Moore reclaims pornography

August 14, 2006 | Interviews

There is really only one word that can be used to describe Alan Moore’s new book Lost Girls — pornography.
That contentious word, however, brings no shame to perhaps the most influential and revered comic book writer of the past 30 years.
“I decided quite early on that I prefer it was referred to as pornography,” Moore told me in a telephone interview from his home in Northampton, England.
“The term pornography comes from the etymological root ‘pornos’ — which means ‘prostitutes’ or ‘wantons’ — and ‘graphos,’ which means ‘drawings’ or ‘writings.’ So what we’re talking about is drawings or writings about wantons or wanton behaviour. That seemed perfectly adequate to me.
It’s talking purely about the realm of the human imagination.
“It struck me as important to signal right from the beginning that this is a work entirely about the human sexual imagination and it takes place entirely in the human sexual imagination.”
Moore, author of such important comic book works as Watchmen, V For Vendetta, From Hell and The League Of Extraordinary Gentlemen, along with illustrator (and fiancée) Melinda Gebbie, chose a rather fantastic basis for their pornography.
The Lost Girls are Dorothy from The Wonderful Wizard Of Oz, Alice from Alice’s Adventures In Wonderland and Wendy from Peter Pan. Instead of the girls’ wellknown adventures being based in fantasy worlds, Moore and Gebbie imagine those same adventures in the real world as tales of adolescent sexual awakening exchanged when the three meet by chance as grown women.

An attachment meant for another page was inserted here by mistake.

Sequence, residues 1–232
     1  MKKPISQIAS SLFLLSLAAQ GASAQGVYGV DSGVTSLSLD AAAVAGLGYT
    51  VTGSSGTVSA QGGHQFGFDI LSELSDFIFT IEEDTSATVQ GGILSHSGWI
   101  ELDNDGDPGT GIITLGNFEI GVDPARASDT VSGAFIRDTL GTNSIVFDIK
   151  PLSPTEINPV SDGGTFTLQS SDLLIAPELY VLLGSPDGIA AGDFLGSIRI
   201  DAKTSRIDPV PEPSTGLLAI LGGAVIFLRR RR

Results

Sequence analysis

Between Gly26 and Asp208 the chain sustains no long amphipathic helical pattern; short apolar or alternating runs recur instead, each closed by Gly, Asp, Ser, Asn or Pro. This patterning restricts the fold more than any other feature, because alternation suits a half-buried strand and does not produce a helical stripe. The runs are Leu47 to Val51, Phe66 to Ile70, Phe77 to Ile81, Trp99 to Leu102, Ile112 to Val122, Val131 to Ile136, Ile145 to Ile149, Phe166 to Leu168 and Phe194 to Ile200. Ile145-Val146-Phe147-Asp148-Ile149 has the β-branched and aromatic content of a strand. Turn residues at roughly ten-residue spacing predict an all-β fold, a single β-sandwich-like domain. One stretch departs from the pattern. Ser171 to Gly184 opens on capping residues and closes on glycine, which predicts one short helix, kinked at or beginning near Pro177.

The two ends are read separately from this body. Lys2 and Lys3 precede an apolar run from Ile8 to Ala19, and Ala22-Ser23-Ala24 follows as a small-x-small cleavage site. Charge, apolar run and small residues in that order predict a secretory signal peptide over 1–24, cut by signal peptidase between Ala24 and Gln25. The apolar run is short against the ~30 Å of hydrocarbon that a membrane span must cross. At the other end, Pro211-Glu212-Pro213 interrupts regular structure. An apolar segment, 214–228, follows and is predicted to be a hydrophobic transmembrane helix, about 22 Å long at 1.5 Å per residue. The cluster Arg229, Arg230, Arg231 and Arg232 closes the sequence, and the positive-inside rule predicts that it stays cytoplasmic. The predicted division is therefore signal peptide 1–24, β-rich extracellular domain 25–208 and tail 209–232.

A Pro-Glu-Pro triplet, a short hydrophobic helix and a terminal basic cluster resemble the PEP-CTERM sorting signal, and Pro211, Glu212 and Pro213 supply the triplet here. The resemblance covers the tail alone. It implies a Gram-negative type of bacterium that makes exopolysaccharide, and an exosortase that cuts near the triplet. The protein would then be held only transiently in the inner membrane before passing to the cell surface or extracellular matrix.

“They seemed like such perfect characters for the story that I wanted to tell, in that they provided a brilliant metaphor for the way in which we, as human beings, enter the world of our sexuality, where everything is reversed, all of the laws that have governed your previous existence have suddenly turned right on their head,” Moore said.
The book’s vivid portrayal of almost every sexual act imaginable has raised more than a few eyebrows since its release last month, but Moore said there is method to their madness.
“We wanted to do something that was frank and honest and beautiful about the human sexual imagination and that didn’t really leave any areas untouched or excluded,” he said.
“We’ve tried to make Lost Girls a pornography that is not purely aimed at heterosexual white men, but one that is aimed at a wide variety of sexualities and, more importantly, is aimed very squarely at women.”
While the term pornography may have negative connotations, Gebbie suggests keeping an open mind. “(Pornography is) capable of great beauty and drama and depth,” she said. “It’s just that no one has applied themselves to it in a long, long time.
“It was a neighbourhood that was left to the rats and we renovated it.”

Lost Girls
Author Alan Moore
Illustrator Melinda Gebbie
Publisher Top Shelf Productions
Price $75, HC
***** (out of five)

I’ve never really been interested in seeing any kind of human sexual escapades depicted that involved a horse.
It’s just not my cup of tea.
However, Lost Girls — a three-book slipcased set — has shown me that seeing such a thing, in the right context, can actually leave you feeling somewhat enlightened, rather than requisitely disgusted.
In a frank and purposeful effort of madness and genius, as only he is capable of, comic book icon Alan Moore, along with gifted artist and fiancée Melinda Gebbie, uses Lost Girls to explore the nature of the human sexual imagination by means of three familiar fantasy characters — Alice (Alice’s Adventures In Wonderland), Dorothy (The Wonderful Wizard Of Oz) and Wendy (Peter Pan).
The result is clearly a work of pornography — one that is spectacularly literate, exquisitely illustrated and without doubt one of the most groundbreaking comic book works of the decade.

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